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GIANTS OF THE GREAT LAKES

Sturgeon

Called "Nme" in Ottawa language, Lake Sturgeon are the largest fish native to the Great Lakes basin. They can grow up to eight feet (2.4 meters) in length and weigh up to 300 pounds (136 kilograms). Having evolved very slowly over the last 200 million years earning them the nickname of "living Fossils", today the once abundant Lake Sturgeon are an endangered or threatened species. Overfishing, river obstructions both natural and manmade, habitat loss and various forms of pollution have contributed to their decline. In Michigan waters, it is estimated that the current population is less than 1% of their former abundance.

Today various groups, including scientists, government agencies and other organizations are working together to reverse the causes of the Lake Sturgeon decline.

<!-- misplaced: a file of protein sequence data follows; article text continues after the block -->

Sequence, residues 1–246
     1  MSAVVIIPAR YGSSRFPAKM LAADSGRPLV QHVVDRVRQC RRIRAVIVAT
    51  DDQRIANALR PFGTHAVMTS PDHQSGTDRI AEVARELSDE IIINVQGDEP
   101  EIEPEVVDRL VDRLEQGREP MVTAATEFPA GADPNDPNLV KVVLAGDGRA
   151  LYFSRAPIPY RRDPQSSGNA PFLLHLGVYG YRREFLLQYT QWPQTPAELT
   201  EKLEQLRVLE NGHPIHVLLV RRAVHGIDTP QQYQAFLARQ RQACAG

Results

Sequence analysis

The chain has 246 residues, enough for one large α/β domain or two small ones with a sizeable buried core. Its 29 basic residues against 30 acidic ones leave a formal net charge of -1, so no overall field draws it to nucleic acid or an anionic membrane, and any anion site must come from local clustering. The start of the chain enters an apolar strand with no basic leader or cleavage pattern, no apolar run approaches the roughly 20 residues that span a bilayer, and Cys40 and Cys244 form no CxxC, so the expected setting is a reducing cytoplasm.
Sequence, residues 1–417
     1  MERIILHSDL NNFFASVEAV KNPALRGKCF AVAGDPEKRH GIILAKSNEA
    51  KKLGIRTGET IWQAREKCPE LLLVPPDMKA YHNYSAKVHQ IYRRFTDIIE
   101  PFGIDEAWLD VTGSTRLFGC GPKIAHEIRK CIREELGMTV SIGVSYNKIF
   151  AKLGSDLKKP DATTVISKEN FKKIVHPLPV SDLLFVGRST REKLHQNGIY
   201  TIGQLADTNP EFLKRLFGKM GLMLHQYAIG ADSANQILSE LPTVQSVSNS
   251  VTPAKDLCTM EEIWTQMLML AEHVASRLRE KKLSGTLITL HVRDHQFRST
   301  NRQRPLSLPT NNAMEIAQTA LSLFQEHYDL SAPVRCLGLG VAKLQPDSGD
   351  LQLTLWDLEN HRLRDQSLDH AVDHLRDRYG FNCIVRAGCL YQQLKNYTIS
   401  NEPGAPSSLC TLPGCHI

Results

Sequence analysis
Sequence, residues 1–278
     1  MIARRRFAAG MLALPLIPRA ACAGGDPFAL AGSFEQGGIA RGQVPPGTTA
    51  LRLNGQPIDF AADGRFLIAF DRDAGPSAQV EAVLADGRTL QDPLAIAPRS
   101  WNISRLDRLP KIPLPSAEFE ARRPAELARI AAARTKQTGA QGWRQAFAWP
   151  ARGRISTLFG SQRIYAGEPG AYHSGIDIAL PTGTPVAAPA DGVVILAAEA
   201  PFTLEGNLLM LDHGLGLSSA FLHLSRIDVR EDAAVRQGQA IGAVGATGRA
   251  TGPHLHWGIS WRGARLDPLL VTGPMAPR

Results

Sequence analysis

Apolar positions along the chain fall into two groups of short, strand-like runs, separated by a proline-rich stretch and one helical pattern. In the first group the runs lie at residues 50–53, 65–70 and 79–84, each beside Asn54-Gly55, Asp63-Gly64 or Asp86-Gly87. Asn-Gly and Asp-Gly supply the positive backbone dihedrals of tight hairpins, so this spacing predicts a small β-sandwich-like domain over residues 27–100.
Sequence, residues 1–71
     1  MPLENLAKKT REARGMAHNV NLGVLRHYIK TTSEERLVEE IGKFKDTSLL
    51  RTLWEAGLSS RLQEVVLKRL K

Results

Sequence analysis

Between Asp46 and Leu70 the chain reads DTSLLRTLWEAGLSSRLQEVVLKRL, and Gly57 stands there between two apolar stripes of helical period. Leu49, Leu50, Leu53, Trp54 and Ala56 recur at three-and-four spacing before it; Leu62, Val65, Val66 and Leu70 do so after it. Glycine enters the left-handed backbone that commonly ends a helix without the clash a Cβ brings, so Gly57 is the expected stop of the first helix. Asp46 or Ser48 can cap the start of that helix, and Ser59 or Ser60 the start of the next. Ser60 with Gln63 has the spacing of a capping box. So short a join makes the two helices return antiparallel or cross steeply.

You can help in this effort:

Become knowledgeable about Lake Sturgeon and share that knowledge with school groups and community organizations.

Understand and adhere to all fishing and environmental regulations and report illegal activity.

Become involved in Lake Sturgeon festivals (May in Port Huron) and volunteer with organizations that promote Lake Sturgeon conservation.

LAKE STURGEON BIOLOGY:

Male Lake Sturgeon live an average of 55 years and begin mating at about 15 years. The male can mate every year or two. Females can live up to 150 years and reach sexual maturity at around 20 years. After that the female spawns about every four to six years dropping 50,000-700,000 eggs as the males fertilize them. Spawning is water temperature and flow dependent making the Saint Clair River one of the most suitable spawning grounds for Lake Sturgeon.

FROM REVILED TO REVERED:

Lake Sturgeon were once a plentiful and important food source for Native Americans. Initially considered a nuisance species by early commercial fishermen, by the 1880s the fish's commercial value was accepted and Lake Sturgeon were over-harvested almost to extinction. Commercial fishing of Lake Sturgeon in US waters was discontinued in 1977 and today it is a legally protected species.

Sturgeon Festival - Port Huron

Lake Sturgeon Population - EPA

Great Lakes Sturgeon Collaboration - FWS

Fishing & Regulation Info - DNR